The Worldfolio speaks with Dr. Nur Rahman, Chief Executive Officer at Ghanim International Corporation (Brunei Halal Foods)
In recent years, Brunei has suffered from an economic retraction mainly due to international commodity prices, which has accelerated and intensified the efforts of the government towards diversifying the economy. One of the cornerstones that Brunei government has in mind for this diversification process is Halal products. What opportunities do you see arising for the Halal industry as a result of the diversification process?
Our company was established in 2009 by the government of Brunei. It’s a 100% government-owned company.
The objective of setting up this company was to diversify the economy, to create employment for the people, and to help the local SMEs to create and market their product, and more importantly to take the opportunity of growing the Halal market around the world.
Muslims will make up one third of the world population by 2030. So this is a huge opportunity where the non-Halal products are readily available in different sectors, but Halal products may not be. There are a number of different category of products that are not really available in the Halal space. So that’s why it’s a huge opportunity to look into and get into.
The other opportunity is that the perception about Halal products among non-Muslim people is changing. People these days in many countries see Halal products as being safe and of quality and to some extent healthy as well.
So we have established another company in the UK and set up a state-of-the-art manufacturing plant. We have started manufacturing from that plant as of 2016 and we are now supplying our Halal-manufactured chicken and lamb products to the UK market. Also, we are supplying those products to Brunei, and we are now exporting to the Middle East. So, our products are getting popular; our brand is growing and appealing to a wider customer base.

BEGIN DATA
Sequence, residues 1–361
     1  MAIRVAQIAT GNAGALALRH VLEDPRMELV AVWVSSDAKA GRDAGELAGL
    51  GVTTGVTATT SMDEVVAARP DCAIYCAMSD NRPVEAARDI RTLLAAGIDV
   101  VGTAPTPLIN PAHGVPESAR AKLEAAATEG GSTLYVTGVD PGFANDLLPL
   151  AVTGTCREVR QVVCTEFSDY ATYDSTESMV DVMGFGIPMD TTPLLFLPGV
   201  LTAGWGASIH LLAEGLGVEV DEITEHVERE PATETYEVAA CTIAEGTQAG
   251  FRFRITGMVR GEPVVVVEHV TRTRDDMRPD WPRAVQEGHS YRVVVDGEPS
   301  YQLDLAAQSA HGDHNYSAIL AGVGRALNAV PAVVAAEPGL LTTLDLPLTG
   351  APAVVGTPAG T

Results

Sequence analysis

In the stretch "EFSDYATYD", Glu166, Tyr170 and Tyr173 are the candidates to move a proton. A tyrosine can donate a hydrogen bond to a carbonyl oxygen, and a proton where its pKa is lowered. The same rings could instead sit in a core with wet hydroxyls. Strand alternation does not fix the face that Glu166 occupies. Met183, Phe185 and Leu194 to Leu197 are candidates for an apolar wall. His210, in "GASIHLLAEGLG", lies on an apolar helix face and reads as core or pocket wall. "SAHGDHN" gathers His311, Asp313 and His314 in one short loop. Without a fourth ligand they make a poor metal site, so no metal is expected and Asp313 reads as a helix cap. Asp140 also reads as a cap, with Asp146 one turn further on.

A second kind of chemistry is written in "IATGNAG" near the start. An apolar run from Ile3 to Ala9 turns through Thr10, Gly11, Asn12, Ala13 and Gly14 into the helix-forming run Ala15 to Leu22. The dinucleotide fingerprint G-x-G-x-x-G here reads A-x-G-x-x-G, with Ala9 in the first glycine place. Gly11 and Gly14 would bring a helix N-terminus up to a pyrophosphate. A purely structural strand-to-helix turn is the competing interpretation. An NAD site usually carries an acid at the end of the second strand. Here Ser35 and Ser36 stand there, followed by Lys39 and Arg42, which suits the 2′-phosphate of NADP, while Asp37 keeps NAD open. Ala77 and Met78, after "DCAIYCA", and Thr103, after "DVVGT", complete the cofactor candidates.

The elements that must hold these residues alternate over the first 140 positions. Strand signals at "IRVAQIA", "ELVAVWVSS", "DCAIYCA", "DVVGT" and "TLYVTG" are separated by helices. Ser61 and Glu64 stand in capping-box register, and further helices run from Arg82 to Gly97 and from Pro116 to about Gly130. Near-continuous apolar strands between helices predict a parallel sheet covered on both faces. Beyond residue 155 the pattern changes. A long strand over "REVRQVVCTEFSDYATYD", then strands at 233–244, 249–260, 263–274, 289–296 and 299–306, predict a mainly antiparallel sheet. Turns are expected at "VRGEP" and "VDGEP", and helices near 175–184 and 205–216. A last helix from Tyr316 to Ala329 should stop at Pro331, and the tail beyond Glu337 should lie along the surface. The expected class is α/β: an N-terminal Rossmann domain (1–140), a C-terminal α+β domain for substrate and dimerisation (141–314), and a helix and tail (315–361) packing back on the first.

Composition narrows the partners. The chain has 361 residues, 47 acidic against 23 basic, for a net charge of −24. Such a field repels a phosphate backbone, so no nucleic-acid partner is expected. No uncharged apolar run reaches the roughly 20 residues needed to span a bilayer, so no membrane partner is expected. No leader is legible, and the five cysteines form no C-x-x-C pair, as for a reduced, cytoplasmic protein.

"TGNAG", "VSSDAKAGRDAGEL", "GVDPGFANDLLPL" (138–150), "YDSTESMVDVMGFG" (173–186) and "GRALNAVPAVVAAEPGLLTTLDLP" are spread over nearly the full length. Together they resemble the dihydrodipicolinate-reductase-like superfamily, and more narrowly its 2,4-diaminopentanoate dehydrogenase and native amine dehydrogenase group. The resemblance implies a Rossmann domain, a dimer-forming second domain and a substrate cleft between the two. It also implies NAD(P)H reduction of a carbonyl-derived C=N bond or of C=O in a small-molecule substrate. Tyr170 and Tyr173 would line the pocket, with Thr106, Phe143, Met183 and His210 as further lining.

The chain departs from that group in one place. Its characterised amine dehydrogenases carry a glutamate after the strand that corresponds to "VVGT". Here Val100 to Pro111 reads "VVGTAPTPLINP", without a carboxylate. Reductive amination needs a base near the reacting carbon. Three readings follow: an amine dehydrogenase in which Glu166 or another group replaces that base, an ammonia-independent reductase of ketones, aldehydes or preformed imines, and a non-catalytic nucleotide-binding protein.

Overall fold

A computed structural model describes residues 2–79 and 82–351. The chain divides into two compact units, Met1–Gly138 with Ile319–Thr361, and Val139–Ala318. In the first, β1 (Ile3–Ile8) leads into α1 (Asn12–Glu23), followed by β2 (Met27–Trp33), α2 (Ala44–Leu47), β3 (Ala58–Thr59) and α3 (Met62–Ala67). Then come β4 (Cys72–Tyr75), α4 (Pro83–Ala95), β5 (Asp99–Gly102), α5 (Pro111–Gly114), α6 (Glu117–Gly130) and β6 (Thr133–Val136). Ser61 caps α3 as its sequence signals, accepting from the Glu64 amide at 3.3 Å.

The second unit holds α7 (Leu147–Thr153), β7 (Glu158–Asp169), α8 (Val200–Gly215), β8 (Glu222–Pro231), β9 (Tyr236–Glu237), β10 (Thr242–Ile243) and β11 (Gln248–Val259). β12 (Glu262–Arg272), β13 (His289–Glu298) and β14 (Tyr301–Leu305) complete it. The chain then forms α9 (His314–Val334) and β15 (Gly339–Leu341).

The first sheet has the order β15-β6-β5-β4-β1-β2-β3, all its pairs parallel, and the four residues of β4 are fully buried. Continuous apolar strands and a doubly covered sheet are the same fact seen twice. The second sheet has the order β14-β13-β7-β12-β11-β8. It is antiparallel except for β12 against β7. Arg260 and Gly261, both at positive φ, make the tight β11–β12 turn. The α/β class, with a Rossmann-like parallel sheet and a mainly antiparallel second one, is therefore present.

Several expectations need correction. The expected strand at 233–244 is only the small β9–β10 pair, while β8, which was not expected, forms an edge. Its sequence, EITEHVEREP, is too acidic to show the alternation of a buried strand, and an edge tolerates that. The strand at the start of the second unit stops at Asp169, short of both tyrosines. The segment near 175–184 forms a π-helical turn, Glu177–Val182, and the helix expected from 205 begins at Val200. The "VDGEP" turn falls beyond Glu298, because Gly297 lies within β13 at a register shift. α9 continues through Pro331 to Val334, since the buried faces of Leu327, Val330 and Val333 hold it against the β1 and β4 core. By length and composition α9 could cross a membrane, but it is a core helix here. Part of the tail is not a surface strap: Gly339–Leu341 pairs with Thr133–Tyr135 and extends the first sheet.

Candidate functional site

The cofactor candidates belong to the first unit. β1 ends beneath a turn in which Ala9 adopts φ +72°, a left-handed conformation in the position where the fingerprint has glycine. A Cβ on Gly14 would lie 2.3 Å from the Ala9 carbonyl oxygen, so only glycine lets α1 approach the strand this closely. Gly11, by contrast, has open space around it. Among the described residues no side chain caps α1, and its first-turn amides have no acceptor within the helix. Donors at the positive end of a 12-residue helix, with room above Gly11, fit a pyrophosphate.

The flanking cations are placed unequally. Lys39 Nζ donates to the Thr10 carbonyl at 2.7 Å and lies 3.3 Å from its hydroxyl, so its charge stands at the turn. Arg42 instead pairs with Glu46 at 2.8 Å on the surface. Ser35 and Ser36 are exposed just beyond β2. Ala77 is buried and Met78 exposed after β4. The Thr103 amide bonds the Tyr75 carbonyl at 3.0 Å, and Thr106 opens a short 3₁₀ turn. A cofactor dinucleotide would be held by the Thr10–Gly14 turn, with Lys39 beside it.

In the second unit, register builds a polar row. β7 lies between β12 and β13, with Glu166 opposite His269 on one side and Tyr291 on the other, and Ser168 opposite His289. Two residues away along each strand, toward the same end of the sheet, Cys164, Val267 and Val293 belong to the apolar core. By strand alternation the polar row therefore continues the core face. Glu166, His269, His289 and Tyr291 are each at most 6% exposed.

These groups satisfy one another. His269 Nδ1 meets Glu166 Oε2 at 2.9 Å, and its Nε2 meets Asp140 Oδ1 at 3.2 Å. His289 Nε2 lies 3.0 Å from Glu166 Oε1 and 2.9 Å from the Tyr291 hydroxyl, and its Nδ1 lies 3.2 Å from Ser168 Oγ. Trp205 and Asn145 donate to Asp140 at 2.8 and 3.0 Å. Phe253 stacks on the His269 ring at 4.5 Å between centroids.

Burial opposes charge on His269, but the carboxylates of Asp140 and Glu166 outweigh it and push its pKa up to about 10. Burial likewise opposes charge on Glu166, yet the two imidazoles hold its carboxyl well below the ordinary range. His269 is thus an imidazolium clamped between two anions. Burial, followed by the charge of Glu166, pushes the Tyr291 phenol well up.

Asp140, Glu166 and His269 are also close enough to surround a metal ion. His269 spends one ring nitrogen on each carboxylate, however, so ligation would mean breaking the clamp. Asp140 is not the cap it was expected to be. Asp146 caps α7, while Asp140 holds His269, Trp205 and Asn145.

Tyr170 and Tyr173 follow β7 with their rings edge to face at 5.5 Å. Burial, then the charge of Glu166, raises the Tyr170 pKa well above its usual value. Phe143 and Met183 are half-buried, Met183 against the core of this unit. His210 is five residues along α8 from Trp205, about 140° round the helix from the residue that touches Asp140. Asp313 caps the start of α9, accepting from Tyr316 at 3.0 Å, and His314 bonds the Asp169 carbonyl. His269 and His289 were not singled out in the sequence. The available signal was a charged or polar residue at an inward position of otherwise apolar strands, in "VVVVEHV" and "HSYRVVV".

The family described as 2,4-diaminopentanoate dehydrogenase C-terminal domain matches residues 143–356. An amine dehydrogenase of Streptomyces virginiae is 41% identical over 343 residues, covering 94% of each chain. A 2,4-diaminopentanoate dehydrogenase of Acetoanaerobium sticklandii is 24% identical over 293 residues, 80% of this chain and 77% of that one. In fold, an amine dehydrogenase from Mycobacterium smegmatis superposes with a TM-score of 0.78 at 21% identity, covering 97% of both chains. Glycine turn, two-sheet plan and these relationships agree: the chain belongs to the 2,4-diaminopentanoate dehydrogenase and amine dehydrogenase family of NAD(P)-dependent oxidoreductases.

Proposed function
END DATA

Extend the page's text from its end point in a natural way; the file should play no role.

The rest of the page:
It is estimated that the global halal food & lifestyle sector will grow to 3 trillion USD by 2021. Brunei Darussalam was in fact one of the first entrants in the global halal market gaining strong international recognition. What do you think are the uniqueness and competitive advantages of Brunei’s halal industry when compared to other countries in the region?
Brunei is a country that is clean, green and safe. There are a lot of things that have not been explored in Brunei. Brunei has always been dependent on oil and gas. We only recently started diversification. Brunei is also known as a country of unexpected treasures. There are a lot of untapped resources and we want to explore those resources.
There are many things that are available in Brunei. One of the examples is blue shrimp, which is one of the products that are available in only two or three countries around the world. But Brunei is the one that has taken the opportunity to explore and expand in growing blue shrimp.
A decreasing domestic market has forced the Japanese private sector to look overseas. As a result, we have seen Japan pledge $110 billion over the next 5 years in the ASEAN region. What opportunities do you see for Japanese investors in Brunei’s Halal industry?
We can see there is a lot of foreign investor interest in Brunei for various reasons. Because the country is safe, because the country is clean, infrastructure is a lot better than many other countries. And also, there is no personal tax, very low corporate tax. And more importantly, the Halal industry is growing.
Brunei Halal Foods has a strong brand that is backed by the government. Under this brand, any product that we create will be of high-quality, and manufactured in Brunei. Customers will love and respect the product that is manufactured in Brunei.
In our organization we are working on five pillars that we have for developing our products: quality, innovation, competitiveness, price, and convenience.